Benny Cox, sheep sales manager for Producers Livestock Auction in San Angelo, said he sold 41,000 more sheep last year than the year previous. They were good sheep, too. "Many of them were breeding stock," he said. "They were useful aged and would never have been sold if not for the drought because these were animals that would have produced offspring."
As is the case with the cattle market, sheep and goat raisers are further frustrated by the fact that the market is expanding and prices are good. Without rain, and with much of the state plagued by wildfires, there was little or no forage last year and not much water to wash it down; to the market they went.
Frank Craddock, a sheep and goat specialist for Texas AgriLife Extension in San Angelo, estimates that the numbers are down 25 to 50 percent while producers wait for the land to recover from the drought.
"We had a nice spring, and it's been real green and lush, but we've had a few hundred degree days already and the wind's been blowing 20 or 30 miles per hour," Craddock said." It sucks the moisture out of the ground pretty fast. Don't get me wrong -- we're proud of what we got. But, if we don't get the rains in May and on into early June, people who think they got a lot of rain are going to find out they didn't get that much after all."
Craddock said he thinks the losses are a little higher than what the USDA National Agriculture Statistics Service reported in its annual sheep and goats report in January. The NASS showed sheep and lamb number down 24 percent in Texas on Jan. 1, 2012, compared to a year previous. With Texas being the largest sheep producer in the country, the drop in Texas more than accounted for a 2 percent drop nationally. Meat and other goat inventories were down 11 percent in the state, from 950,000 head to 850,000.
Cox, who also serves as President of the Texas Sheep and Goat Raisers Association, said that goats generally did better than sheep, especially south of San Angelo where the country is marginal for cattle, but where sheep and goats fare much better.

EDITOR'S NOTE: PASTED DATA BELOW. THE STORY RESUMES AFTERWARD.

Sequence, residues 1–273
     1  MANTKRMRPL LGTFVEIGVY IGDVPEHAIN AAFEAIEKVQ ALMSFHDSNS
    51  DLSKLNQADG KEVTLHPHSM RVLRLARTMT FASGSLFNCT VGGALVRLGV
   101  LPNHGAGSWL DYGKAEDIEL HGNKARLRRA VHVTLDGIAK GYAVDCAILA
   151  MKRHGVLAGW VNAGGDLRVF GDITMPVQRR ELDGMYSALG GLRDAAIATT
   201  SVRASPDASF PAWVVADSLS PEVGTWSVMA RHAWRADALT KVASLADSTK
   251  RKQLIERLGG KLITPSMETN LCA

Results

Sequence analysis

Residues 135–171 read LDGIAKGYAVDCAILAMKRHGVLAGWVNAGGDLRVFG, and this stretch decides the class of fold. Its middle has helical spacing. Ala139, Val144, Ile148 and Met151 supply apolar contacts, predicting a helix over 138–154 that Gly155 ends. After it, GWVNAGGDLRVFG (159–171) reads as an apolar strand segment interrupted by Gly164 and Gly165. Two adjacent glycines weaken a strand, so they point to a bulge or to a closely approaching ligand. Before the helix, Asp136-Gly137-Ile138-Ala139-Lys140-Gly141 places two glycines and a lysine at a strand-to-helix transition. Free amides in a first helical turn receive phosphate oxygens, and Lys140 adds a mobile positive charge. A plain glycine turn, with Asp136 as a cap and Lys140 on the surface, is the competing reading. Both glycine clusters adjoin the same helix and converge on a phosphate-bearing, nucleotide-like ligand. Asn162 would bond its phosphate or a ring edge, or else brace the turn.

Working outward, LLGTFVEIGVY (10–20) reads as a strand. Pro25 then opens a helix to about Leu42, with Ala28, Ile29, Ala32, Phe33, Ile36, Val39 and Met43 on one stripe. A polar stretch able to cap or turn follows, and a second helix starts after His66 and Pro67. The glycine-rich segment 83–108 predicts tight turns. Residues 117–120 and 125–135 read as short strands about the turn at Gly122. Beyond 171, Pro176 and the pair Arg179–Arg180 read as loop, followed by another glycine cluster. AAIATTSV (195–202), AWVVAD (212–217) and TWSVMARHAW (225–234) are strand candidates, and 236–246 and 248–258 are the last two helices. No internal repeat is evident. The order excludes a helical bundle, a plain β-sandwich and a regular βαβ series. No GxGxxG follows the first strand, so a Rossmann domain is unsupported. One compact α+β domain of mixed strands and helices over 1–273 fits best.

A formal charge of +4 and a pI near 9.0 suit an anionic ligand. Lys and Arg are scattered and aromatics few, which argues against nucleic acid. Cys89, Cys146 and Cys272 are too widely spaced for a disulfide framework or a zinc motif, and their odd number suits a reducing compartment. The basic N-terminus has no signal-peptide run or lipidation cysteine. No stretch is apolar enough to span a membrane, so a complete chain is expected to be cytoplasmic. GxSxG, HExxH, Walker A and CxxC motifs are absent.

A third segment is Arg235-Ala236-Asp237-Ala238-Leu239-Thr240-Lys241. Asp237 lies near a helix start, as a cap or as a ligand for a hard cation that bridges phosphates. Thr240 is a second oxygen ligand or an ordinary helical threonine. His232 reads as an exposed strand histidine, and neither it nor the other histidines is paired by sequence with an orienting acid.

"Everybody's situation is different, but in general, the country south of here has a lot of beneficial browse, including larger browse like shin oaks, which the goats can get to," he said. "It's not like grass with roots five or six inches deep; these are deep-rooted trees."
Meat goats have done well in the marketplace, too. Cox has worked in the sheep and goat business since the 1960s. He said the big jump in the meat goat market came in the mid-90s.
"I thought I sold a lot of goats in 1995 when I sold 86,589. The next year I sold 165, 272," he said. "By 1998, we were selling 200,000 goats here."
The rise in demand has paralleled and increase in the ethnic market.
"The meat goat market is the ethnic market," Cox said.
Large portions of the ethnic market are centered around the automobile manufacturing areas of Michigan and in the Northeast. Cox said the buyers load up their trucks to the legal limit of 48,000 pounds and drive for as long as 35 hours to get the goats to market as soon as possible. "They load up the trucks and get them gone," he said.
On the sheep side, hair sheep -- so called because grow hair instead of wool -- have grown increasingly popular in recent years. There are two pure hair sheep breeds, St. Croix and Barbados. Composite breeds include Katahdin, Dorper White and Royal White.
"There's been a much higher percentage of hair sheep in the past 10 years, especially the past five," Cox said. "They're heat tolerant and prolific. It's harder to find shearers than it used to be, and some people are just skipping it by raising the hair sheep."
Some cattle raisers have switched to meat goats and/or hair sheep, at least in the short term, as the returns can be good on a lot less grass than it takes to raise cattle. Irrigation, good fences, and a good guard animal -- usually dogs or guard donkeys -- are keys to a successful operation, Cox said.
Craddock said that becoming familiar with various ethnic holidays in order to anticipate demand is not a bad idea either. He added that, while the drought and the subsequent selling of livestock have been hard on the state and on individuals, it might actually present an opportunity for young people looking to get into the ranching business.
"It's been hard for young people to into ranching," he said. "The ranching population keeps getting older and older, and some of the people who sold out last year aren't going to get back into it. There have always been young people looking to get into ranching but a lot of times when land would become available these old codgers would get it. The young people never had a chance. This might be a good opportunity for some young people to get into it.
"Of course, the biggest hurdle, if they can get the land, is having the capital to buy stock."